Exclusive: NY’s cannabis regulators sued again, this time by the big players

It’s the lawsuit many saw coming.

A coalition that includes some of New York’s medical cannabis companies is asking a judge to compel state regulators to open up licensing for all retail dispensary applicants immediately.

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The complaint, provided yesterday to NY Cannabis Insider and filed today in Albany County Supreme Court, alleges unconstitutional overreach and policymaking, egregious abdication of duties, and actions that put New Yorkers’ health and safety at risk.

The OCM declined to comment on the litigation, which is common for defendants in a lawsuit.

The Coalition for Access to Regulated & Safe Cannabis describes itself as “an unincorporated trade association” composed of registered organizations, parties that planned to pursue a dispensary license when the application window first opened, and physicians whose practices have suffered due to the state’s “neglect” of its medical cannabis program.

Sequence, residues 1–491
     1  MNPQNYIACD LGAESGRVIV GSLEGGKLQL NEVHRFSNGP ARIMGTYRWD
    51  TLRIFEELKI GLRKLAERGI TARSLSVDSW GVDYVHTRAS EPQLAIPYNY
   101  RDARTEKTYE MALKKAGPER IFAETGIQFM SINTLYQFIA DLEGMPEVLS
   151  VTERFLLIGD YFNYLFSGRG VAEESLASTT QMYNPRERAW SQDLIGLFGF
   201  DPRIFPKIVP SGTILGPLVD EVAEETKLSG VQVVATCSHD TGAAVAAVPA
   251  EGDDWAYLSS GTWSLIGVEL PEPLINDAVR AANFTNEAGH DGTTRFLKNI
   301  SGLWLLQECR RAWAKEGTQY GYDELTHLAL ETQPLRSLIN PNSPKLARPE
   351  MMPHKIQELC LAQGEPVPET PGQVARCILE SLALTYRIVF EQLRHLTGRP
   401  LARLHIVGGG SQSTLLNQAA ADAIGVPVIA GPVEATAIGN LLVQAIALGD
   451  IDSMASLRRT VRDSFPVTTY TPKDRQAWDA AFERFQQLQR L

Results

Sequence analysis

As of publication, here’s what we know about the group:

It’s made up of at least four registered organizations, Acreage Holdings, PharmaCann, Green Thumb Industries, and Curaleaf, a company whose chairman recently warned of litigation over New York’s approach to social justice.

It also includes two hopeful dispensary owners, one in Brooklyn and another in California, as well as a medical cannabis practitioner in Westchester.

The group is represented by NYC law firm Feuerstein Kulick.

At its core, the coalition’s complaint argues that:

“Rather than perform the tasks required by the MRTA – which would promote a safe and regulated cannabis industry for medical patients and adult-use consumers alike – CCB and OCM have improperly assumed the role of the Legislature to impose their own policies over those of New York’s elected officials and, by extension, their constituents,” the suit alleges.

NY Cannabis Insider had asked OCM Executive Director Chris Alexander about the possibility of this type of lawsuit in July. At the time, Alexander replied:

“I don’t have a concern about the challenge towards the retail opportunity, because the board has the power to create additional licenses. … We think about legal challenges that may come to the program, but that’s why we stay as close to the law and the powers that law has given us as possible.”

A second lawsuit

The CAURD program sprang out of Gov. Kathy Hochul’s Seeding Opportunity Initiative, which was announced last March and sought to “position individuals with prior cannabis-related criminal offenses” to make the first recreational sales in the state. The program allotted 150 licenses to “justice-involved individuals” and another 25 to nonprofits.